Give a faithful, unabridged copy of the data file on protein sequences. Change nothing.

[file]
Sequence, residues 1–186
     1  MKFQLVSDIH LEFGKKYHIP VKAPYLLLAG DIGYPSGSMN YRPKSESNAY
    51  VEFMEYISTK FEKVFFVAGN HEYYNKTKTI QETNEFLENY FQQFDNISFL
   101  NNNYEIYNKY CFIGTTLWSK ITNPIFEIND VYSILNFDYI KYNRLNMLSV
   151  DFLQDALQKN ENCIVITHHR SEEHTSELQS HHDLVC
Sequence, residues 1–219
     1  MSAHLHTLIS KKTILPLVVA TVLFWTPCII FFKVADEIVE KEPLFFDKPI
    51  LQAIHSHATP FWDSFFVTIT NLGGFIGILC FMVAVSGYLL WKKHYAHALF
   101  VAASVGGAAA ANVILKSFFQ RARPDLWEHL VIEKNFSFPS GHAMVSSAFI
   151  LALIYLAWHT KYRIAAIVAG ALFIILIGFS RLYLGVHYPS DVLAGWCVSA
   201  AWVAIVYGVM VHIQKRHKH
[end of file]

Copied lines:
Sequence, residues 1–186
     1  MKFQLVSDIH LEFGKKYHIP VKAPYLLLAG DIGYPSGSMN YRPKSESNAY
    51  VEFMEYISTK FEKVFFVAGN HEYYNKTKTI QETNEFLENY FQQFDNISFL
   101  NNNYEIYNKY CFIGTTLWSK ITNPIFEIND VYSILNFDYI KYNRLNMLSV
   151  DFLQDALQKN ENCIVITHHR SEEHTSELQS HHDLVC
Sequence, residues 1–219
     1  MSAHLHTLIS KKTILPLVVA TVLFWTPCII FFKVADEIVE KEPLFFDKPI
    51  LQAIHSHATP FWDSFFVTIT NLGGFIGILC FMVAVSGYLL WKKHYAHALF
   101  VAASVGGAAA ANVILKSFFQ RARPDLWEHL VIEKNFSFPS GHAMVSSAFI
   151  LALIYLAWHT KYRIAAIVAG ALFIILIGFS RLYLGVHYPS DVLAGWCVSA
   201  AWVAIVYGVM VHIQKRHKH